The Wars of the Roses by Alison Weir

  As soon as the sentence was passed, the King summoned Bolingbroke’s ten-year-old heir, Henry of Monmouth, to court as a hostage for his father’s good behaviour. Bolingbroke sought refuge in Paris, where he was lent a mansion by a French nobleman. Mowbray never saw England again: he went on pilgrimage to Jerusalem, but died of the Black Death on the way home.

  The King’s childlessness was a matter of concern to most of his subjects, for Queen Isabella would be unable to produce children for several years. Richard’s heir was Roger Mortimer, 4th Earl of March, grandson of Lionel of Antwerp, Edward Ill’s second son. In 1398 Roger was twenty-four; like his father, he served the Crown as Lord Lieutenant of Ireland, though he could not bring the wild Irish tribal factions under control. In June that year, March made an attempt to impose his authority on the lands to which he held title in Ireland, but was ambushed and killed by the Irish at Kenlis in Leinster. He left a son, Edmund, aged only seven – heir not only to his father’s earldoms, but also to the throne itself.

  Richard II and Gaunt were now virtually estranged. Saddened by the exile of his son, Gaunt fell ill. He died in 1399 at Leicester Castle and was buried beside Blanche of Lancaster in St Paul’s Cathedral.* Gaunt had loved Katherine Swynford to the end, referring to her in his will as ‘my very dear companion’. She survived him by four years and was buried in Lincoln Cathedral.

  Gaunt’s death was fatal to Richard. Despite their differences, Gaunt had been a loyal supporter of the monarchy, and now that he was gone there was nothing to prevent a confrontation between the King and Bolingbroke.

  Tidings of his father’s passing reached Bolingbroke in Paris. Although the King’s sentence of exile prevented him from returning to England for another nine years, he was comforted by the knowledge that he was now Duke of Lancaster, premier peer of the realm and enormously wealthy, for the Lancastrian inheritance was by far the richest in England. Prior to his leaving England, the King had assured him that his possessions were safe and had issued letters patent to that effect.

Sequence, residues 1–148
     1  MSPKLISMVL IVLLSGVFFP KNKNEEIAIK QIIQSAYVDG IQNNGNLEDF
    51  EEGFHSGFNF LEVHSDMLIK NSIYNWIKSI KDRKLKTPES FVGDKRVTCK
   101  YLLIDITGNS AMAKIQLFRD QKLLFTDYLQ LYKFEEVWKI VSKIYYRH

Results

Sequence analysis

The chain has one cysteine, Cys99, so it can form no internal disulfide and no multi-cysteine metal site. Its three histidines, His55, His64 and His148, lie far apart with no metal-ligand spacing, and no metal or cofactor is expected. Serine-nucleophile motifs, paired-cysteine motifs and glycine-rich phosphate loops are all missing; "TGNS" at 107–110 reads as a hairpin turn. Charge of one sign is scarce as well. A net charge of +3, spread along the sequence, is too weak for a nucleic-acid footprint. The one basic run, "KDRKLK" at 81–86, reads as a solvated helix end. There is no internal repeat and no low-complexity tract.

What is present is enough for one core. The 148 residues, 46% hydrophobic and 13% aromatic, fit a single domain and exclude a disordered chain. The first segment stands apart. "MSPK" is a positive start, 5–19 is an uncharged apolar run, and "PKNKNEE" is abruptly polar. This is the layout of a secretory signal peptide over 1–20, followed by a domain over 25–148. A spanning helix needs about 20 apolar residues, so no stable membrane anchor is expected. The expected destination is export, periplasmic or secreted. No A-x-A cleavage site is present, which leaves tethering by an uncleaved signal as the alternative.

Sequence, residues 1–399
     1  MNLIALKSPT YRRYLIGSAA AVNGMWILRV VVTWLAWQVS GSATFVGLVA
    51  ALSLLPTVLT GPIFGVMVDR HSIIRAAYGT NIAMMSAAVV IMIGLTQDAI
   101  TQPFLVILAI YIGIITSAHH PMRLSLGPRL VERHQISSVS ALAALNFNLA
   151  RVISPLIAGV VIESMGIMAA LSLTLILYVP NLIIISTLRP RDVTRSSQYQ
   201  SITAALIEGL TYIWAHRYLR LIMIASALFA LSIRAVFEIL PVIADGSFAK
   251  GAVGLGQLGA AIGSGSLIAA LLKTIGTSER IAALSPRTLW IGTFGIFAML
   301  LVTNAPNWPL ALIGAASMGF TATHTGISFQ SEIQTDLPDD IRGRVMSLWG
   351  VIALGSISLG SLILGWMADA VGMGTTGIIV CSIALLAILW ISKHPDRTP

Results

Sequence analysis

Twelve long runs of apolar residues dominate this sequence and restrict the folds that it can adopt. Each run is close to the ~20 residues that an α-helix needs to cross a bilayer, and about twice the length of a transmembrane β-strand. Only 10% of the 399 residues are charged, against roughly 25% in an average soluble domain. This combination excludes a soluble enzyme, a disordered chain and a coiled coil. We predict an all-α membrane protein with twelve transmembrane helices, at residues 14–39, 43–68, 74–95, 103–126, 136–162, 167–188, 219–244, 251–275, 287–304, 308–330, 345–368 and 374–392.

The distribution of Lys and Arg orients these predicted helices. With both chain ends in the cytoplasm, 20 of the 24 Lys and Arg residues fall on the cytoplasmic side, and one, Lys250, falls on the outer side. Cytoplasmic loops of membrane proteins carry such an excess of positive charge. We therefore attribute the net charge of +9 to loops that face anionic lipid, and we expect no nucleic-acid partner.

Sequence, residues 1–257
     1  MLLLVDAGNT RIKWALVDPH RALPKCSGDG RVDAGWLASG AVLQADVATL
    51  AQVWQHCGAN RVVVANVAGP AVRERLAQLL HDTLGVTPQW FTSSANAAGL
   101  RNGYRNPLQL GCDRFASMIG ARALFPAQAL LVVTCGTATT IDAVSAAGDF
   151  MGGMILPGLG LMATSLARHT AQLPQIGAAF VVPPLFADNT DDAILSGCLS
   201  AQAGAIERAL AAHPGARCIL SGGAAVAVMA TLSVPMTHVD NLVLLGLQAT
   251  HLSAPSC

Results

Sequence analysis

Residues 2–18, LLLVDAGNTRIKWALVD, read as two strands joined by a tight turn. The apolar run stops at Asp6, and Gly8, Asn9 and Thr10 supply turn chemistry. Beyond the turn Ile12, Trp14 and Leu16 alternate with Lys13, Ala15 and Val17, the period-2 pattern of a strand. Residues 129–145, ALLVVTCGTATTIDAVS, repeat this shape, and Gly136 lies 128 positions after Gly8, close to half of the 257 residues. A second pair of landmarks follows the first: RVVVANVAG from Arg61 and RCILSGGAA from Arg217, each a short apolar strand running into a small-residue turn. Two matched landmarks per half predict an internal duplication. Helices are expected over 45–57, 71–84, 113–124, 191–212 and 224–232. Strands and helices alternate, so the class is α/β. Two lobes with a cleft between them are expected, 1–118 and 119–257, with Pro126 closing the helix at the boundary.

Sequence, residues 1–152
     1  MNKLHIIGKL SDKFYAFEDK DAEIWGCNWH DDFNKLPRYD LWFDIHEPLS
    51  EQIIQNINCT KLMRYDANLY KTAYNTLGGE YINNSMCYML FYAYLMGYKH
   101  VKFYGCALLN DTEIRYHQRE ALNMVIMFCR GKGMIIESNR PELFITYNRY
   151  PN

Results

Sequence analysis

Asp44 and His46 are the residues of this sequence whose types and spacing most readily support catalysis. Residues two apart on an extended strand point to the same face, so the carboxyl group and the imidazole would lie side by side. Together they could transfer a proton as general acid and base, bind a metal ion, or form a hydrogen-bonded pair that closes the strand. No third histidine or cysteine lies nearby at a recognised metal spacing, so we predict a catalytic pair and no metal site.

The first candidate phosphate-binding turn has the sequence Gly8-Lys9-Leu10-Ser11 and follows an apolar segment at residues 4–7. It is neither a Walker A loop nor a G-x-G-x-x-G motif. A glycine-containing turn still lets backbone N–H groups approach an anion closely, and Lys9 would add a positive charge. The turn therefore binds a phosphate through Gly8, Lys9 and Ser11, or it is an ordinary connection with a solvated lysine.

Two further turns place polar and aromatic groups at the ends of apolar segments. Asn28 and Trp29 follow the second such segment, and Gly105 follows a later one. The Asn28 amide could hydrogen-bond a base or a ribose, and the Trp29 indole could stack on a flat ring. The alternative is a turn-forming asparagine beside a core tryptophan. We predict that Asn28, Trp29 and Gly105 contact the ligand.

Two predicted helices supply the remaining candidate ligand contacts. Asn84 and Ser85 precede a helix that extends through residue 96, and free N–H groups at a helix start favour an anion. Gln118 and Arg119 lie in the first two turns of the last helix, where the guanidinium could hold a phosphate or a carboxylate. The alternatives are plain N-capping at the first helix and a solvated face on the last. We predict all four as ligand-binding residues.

But then came shattering news: Richard had revoked the letters patent and sequestered all Bolingbroke’s lands, distributing them among his own supporters. Worse than that, Bolingbroke’s exile was to be for life. This act of betrayal made Bolingbroke decide to return to England and to deal with the problem of Richard once and for all.

  In May 1399 Richard II sailed to Ireland in what was to prove an unsuccessful attempt to defuse the ugly situation that had developed there after March’s death. Prior to his departure he had March’s young son proclaimed heir presumptive, and appointed York regent during his absence. Rutland went with the King to Ireland. Richard was not to know it, but his absence from England would prove crucial.

  Bolingbroke landed in Yorkshire around 4 July at Ravenspur, a port that has long since disappeared due to coastal erosion. On disembarking, the Duke knelt down and kissed the soil of his native land. He had come in rebellion against his lawfully crowned and anointed sovereign, although he initially claimed that it was only to safeguard his Lancastrian inheritance and reform the government. Indeed, he acknowledged Richard’s title as king and the right of the Earl of March to succeed him.

  At the time of the invasion there was a huge tide of popular feeling against Richard, especially in London, where Bolingbroke was well liked, and York was not the man to rally the few supporters Richard had left. Bolingbroke’s arrival placed York in a dilemma, for he had to choose between loyalty to his royal nephew and loyalty to the son of his best-loved brother, Gaunt. Typically, he remained undecided for three weeks.

  As he progressed south Bolingbroke was gratified to find so many people ready to support him. Nobles and commons flocked to his banner and he quickly collected a large army, meeting little resistance anywhere. The princes of the Church offered their support and the Archbishop of Canterbury assured all who joined Bolingbroke of the remission of their sins and ‘a sure place in Paradise’. In Bristol, the Duke found some of Richard’s most hated advisers and summarily ordered their heads cut off, which greatly pleased the citizens.

  Bad weather meant that news of Bolingbroke’s invasion took some time to reach the King in Ireland, and as soon as he knew the worst, Richard sailed home, determined to raise an army and meet his cousin in the field. Late in July he landed in South Wales, but was unable to rouse much support; indeed many of his followers were deserting him, including Rutland, who dismissed the King’s remaining soldiers and rode off to join Bolingbroke, whom York had now finally decided to support. Abandoned and panic-stricken, Richard disguised himself as a friar and fled to Conway Castle, where he surrendered to a deputation sent by Bolingbroke. At Lichfield, on the way to London, he tried to escape by climbing out of a tower window, but was caught leaving the garden below. After that he was never alone, being guarded by ten or twelve armed men.